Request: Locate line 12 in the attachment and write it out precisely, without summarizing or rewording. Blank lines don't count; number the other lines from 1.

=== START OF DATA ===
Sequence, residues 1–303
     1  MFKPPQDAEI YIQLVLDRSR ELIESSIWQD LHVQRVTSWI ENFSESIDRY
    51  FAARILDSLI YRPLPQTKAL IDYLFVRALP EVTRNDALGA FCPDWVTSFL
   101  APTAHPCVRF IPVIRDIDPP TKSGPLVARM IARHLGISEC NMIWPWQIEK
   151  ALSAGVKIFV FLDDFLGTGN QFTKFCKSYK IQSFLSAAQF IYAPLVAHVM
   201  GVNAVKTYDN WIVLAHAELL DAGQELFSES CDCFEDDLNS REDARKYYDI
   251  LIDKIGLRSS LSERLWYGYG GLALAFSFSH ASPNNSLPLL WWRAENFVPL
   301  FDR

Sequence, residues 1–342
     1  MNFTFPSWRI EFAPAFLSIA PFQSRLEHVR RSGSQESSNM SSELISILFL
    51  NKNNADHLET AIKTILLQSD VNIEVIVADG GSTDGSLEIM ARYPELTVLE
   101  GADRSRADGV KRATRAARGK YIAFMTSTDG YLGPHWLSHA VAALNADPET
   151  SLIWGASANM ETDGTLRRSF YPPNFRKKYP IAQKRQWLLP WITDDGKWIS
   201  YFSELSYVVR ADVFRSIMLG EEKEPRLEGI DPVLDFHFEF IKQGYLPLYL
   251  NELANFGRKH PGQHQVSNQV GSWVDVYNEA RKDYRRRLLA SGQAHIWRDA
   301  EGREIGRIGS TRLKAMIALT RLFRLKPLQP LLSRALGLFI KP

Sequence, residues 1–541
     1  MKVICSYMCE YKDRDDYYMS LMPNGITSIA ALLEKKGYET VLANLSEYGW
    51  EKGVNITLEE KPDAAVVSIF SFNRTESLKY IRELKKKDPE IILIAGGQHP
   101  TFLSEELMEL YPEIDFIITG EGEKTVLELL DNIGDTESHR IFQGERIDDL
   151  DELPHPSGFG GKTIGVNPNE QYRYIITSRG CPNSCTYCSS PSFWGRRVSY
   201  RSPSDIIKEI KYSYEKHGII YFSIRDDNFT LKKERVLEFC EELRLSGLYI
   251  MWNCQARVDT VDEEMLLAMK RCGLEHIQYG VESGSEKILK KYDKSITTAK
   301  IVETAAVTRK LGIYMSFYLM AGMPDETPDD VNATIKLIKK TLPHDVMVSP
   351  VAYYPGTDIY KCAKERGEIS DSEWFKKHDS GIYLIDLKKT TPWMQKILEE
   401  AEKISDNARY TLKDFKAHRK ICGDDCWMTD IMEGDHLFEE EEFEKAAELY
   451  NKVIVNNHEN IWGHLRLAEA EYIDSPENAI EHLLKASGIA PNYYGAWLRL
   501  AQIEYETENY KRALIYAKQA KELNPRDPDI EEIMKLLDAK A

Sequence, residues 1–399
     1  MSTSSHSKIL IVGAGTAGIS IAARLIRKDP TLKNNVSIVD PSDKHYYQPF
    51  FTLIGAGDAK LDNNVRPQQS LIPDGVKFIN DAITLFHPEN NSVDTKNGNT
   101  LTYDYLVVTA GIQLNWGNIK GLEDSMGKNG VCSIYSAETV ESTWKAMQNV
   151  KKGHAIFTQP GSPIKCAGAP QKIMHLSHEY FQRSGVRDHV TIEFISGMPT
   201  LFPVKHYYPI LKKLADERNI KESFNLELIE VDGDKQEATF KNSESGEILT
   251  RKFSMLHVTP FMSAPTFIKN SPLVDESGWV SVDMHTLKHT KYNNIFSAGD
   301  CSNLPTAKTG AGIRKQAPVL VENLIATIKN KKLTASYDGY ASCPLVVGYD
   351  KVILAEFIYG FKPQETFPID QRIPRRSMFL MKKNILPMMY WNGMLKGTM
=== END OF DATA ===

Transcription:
   101  GADRSRADGV KRATRAARGK YIAFMTSTDG YLGPHWLSHA VAALNADPET